Design Thinking is an iterative process in which we try to understand the user, question assumptions, and reframe challenges in order to find new tactics and answers that aren't immediately obvious based on our current level of knowledge. Simultaneously, Design Thinking offers a problem-solving strategy centred on solutions. It is both a style of thinking and functioning as well as a set of practical techniques.
Design Thinking is based on a strong desire to learn more about the people for whom we are making goods or services. It enables us to observe and empathise with the target user. Design Thinking aids in the process of questioning: the issue, the assumptions, and the consequences. By re-framing the issue in human-centric ways, producing numerous ideas in brainstorming sessions, and taking a hands-on approach to prototyping and testing, Design Thinking is highly beneficial in solving challenges that are ill-defined or unknown. Sketching, prototyping, testing, and trying out thoughts and ideas are all part of the Design Thinking process.
There are several different versions of the Design Thinking approach in use today, with three to seven different phases, stages, or modes. Design Thinking, on the other hand, is extremely similar in all of its forms. The same concepts underpin all variations of Design Thinking, which were initially outlined by Nobel Laureate Herbert Simon in The Sciences of the Artificial in 1969. We'll concentrate on the five-phase model established by Stanford's Hasso-Plattner Institute of Design, often known as d.school. Because they are at the forefront of using and teaching Design Thinking, we picked the d.school's approach. According to the d.school, there are five stages of Design Thinking:
Empathize — with the people you're trying to help.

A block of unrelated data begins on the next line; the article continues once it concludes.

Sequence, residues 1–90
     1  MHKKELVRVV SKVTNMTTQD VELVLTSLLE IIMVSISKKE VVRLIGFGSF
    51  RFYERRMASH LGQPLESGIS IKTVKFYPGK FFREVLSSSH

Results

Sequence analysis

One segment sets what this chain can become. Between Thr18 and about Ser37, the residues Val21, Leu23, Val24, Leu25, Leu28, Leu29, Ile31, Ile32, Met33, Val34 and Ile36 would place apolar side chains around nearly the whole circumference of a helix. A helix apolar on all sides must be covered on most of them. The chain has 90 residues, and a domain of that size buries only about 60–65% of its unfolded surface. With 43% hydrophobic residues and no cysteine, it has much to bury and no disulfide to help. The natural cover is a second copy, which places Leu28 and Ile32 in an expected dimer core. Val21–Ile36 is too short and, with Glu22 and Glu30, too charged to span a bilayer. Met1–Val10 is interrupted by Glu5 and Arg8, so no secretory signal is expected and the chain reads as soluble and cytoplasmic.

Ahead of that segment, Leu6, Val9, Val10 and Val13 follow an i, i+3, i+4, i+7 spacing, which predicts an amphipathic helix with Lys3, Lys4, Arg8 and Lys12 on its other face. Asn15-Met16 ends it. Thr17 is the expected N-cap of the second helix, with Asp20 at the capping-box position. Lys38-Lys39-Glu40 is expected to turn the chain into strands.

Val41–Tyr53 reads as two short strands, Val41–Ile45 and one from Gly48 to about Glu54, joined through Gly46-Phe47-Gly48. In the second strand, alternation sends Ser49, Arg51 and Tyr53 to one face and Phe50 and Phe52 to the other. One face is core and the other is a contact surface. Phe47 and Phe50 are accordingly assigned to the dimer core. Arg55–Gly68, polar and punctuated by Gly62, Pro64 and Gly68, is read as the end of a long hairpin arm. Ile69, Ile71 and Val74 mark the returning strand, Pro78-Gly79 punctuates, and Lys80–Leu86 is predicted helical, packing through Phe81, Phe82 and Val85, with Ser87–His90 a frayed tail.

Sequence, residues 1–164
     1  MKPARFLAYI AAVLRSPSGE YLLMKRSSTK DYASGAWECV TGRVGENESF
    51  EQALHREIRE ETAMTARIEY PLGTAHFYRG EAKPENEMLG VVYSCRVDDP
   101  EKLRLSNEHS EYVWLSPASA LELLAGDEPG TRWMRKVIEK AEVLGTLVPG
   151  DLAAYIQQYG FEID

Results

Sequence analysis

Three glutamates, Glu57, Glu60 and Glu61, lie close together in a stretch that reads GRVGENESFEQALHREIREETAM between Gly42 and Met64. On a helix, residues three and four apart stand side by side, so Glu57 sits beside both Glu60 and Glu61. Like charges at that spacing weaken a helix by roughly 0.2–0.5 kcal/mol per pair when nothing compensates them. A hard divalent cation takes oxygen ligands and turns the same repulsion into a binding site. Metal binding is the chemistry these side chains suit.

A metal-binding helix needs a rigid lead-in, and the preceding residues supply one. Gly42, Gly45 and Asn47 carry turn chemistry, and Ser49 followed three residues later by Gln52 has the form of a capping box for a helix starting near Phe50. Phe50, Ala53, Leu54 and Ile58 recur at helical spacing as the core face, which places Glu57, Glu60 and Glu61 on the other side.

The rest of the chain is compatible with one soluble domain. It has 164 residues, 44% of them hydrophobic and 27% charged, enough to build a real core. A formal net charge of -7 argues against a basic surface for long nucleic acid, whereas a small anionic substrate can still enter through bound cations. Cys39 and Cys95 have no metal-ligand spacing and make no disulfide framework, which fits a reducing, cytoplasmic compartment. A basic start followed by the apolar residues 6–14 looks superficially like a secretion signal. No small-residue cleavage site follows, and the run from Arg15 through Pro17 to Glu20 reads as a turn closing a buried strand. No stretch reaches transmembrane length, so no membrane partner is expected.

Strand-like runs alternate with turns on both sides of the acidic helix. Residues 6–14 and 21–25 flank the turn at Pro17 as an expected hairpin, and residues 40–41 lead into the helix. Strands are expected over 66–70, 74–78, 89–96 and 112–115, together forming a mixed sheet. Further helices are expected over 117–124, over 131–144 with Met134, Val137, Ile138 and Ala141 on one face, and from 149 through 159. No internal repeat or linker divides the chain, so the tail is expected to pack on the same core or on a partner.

Define — the needs, the issue, and your insights of your users.
Ideate — through questioning assumptions and coming up with new answers.
Prototype — this is the first step in developing a solution.
Test — the solutions.
It's worth noting that the five phases, stages, or modes aren't necessarily in that order. They don't have to be in any particular sequence, and they may frequently happen in parallel and iteratively. As a result, you should not think of the stages as a hierarchical or sequential procedure. Instead of sequential stages, think of it as an overview of the modes or phases that contribute to an innovative endeavour.
Design Thinking is a method of thinking that involves thinking outside the box. Designers are aiming to establish new ways of thinking that do not abide by the prevailing or more frequent problem-solving approaches, which is why Design Thinking is sometimes referred to as "outside the box" thinking.
The objective of Design Thinking is to enhance products by researching and understanding how consumers engage with them, as well as examining the circumstances under which they work. The desire and skill to ask important questions and challenge assumptions are at the foundation of Design Thinking. Falsifying earlier assumptions – that is, proving whether they are correct or not – is one aspect of outside-the-box thinking. The solution-generation method will assist us in producing ideas that represent the true restrictions and features of a challenge once we have questioned and studied its circumstances. Design Thinking allows us to go a little further; it enables us to do the appropriate research, prototype, and test our products and services in order to discover new methods to improve the product, service, or design.
Originally published on Prosple India